Pandemic or not, it is common to feel sad or depressed come the winter season. Cold weather signifies the move indoors and for those of us who do not participate in winter sports (unless you consider the après ski hour an activity), it is the beginning of a long and arduous wait (preparation?) for summer (I'll be working on my #summerbody2021). That feeling, combined with COVID-19, it seems like there might not be enough hot toddies in the world to tide you over. Never fear - I have compiled a few things from personal experience and some advice from my Scandinavian ancestors that are game changers.
A typical winter previously consisted of indoor activities with friends and family. Whether that is game nights with groups of friends, going to holiday strolls downtown, or grabbing drinks at a local brewery, those options are somewhat unavailable to us at the moment. So, if we can't do that, what will we do to make it through?
My personal favorite winter activity is building a toasty fire in my wood-burning fireplace. Although bonfires are plentiful in the summer (when it is not fire season of course), there is nothing quite like a crackling fire in your living room. The last fire I had in here was early Spring and I made an entire evening out of it. The day before I prepped some Chashu (Japanese braised pork belly). The day of, I started some ramen broth early in the morning to simmer and get incredibly flavorful. I then sent my boyfriend to the store to buy a bottle of sake and when he arrived, sent him to the back yard to chop some wood for the fire while I prepped dinner. We then spent the entire evening next to the fire, eating ramen, and watching the snow fall.
While it gets a bit cabin-feverish in the winter here in Montana, times when you are able to embrace the weather are quite possibly the best. When it is blistering hot in the summer, the last thing you want to do is have a fire indoors. So I am always sure to take advantage of that while I can.
I also love cooking. This particular evening, and the days leading up, I was able to fully throw myself into an incredible meal. Again, at the height of summer, the last thing anyone wants to do is fire up the oven for hours on end. Now, I can fully utilize the stocked kitchen I am so thankful to have. I highly suggest finding those activities you do not typically have time for in the summer and immerse yourself in them during the winter. It would be advantageous to consciously focus on those activities and remember that they, just like summertime, are fleeting. Whether you choose to ruminate on getting up early to shovel your drive or whether you decide to bask in the glory of the early morning stars glinting off the newly fallen snow will wholly decide the outcome of your winter.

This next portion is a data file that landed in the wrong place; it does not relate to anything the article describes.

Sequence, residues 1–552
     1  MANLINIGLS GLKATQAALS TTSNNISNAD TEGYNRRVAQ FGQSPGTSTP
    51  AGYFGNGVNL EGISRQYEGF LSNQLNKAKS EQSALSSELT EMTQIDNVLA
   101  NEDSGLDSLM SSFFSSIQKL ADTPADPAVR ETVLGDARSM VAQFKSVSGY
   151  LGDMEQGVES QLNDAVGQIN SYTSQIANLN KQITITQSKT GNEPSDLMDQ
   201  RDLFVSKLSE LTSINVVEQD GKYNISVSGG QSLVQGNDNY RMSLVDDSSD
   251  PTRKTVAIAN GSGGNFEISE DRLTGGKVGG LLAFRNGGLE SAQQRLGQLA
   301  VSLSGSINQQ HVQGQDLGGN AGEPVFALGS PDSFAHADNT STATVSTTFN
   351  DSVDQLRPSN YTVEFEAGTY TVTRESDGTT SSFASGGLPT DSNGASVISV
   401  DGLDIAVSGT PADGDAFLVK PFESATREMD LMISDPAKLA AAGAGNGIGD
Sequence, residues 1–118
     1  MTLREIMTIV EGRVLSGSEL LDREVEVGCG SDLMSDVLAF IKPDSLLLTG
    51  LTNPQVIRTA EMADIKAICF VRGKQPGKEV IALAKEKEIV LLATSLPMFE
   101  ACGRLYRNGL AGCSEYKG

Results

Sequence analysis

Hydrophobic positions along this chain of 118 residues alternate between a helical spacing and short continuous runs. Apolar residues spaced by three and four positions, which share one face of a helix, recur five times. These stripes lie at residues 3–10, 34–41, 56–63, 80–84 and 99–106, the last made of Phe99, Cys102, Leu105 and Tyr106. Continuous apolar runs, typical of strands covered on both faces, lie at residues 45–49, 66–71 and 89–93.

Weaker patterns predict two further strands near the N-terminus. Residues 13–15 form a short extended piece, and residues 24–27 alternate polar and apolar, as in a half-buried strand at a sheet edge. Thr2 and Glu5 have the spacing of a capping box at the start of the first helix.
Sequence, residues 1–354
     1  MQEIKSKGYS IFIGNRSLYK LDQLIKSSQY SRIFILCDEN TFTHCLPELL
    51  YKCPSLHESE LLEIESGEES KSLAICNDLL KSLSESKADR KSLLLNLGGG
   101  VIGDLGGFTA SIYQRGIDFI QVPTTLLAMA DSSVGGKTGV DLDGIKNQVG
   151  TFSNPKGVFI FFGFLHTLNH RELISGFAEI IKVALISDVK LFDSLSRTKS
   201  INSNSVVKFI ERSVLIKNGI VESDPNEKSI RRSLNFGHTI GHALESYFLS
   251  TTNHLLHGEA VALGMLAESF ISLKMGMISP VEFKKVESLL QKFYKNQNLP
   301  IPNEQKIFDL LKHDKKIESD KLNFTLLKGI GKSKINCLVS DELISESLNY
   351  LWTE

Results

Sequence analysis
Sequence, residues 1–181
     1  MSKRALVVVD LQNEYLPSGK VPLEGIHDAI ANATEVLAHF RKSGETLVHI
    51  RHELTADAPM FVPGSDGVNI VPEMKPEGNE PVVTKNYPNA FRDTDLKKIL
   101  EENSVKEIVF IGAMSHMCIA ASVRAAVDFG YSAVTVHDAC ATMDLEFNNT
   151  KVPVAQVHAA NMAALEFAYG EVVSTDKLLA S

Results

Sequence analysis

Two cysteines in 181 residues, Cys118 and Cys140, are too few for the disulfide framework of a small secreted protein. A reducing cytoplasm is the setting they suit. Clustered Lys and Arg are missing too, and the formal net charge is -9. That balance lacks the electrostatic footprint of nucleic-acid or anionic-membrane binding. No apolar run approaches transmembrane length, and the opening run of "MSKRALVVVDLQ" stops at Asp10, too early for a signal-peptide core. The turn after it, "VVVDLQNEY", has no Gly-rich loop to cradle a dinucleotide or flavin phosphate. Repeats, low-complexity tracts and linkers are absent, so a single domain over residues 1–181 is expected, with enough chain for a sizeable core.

If the idea of spending time inside gives you anguish, try this angle from our Norwegian friends: friluftsliv or “open air life”. The concept is simple, even if the weather is below freezing and snowing, dress for the occasion and get outside. If the thought of that is otherworldly, the Norwegians can assure you that even on the worst of days, they feel some sense of dread. However, getting outside in the fresh air does wonders on the body. If you are able to dress appropriately for the weather, that is, make sure you are warm and comfortable, then going outside for even a short stroll will leave you feeling refreshed and revitalized. Research backs the concept that even menial amounts of time outdoors will vastly improve our mood and both physical and mental ability.
Long story short, whether you prefer to sit by the fire with some good food and better company or get outside for just 30 minutes to an hour, it is imperative that you make this winter special to you. In my mind, every winter can be special. But it is even more important this winter, being in the midst of a pandemic, because the fact of the matter is, this year had the potential to be just a bit harder with the added stress. So be safe, be smart, and most of all, make the most of winter 2020.